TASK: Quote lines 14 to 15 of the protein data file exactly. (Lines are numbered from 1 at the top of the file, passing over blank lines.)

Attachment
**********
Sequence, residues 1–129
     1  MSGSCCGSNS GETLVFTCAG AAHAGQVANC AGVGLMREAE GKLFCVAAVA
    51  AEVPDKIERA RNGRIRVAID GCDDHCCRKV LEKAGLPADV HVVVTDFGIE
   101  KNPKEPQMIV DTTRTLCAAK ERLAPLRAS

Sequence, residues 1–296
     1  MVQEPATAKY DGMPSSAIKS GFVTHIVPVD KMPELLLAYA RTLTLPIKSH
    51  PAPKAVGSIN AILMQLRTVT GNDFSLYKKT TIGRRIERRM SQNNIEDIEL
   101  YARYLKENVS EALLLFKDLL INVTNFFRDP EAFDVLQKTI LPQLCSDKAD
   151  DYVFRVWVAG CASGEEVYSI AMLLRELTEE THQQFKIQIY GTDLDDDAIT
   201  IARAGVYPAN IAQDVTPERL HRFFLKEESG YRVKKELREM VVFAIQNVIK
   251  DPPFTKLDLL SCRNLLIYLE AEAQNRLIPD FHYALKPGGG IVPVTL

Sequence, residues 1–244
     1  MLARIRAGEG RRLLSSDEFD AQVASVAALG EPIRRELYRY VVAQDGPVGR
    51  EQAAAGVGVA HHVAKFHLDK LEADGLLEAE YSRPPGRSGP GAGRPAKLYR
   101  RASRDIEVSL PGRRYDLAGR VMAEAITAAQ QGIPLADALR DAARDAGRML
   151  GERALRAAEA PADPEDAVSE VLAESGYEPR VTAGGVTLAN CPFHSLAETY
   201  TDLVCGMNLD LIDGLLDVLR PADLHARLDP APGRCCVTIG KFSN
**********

    51  EQAAAGVGVA HHVAKFHLDK LEADGLLEAE YSRPPGRSGP GAGRPAKLYR
   101  RASRDIEVSL PGRRYDLAGR VMAEAITAAQ QGIPLADALR DAARDAGRML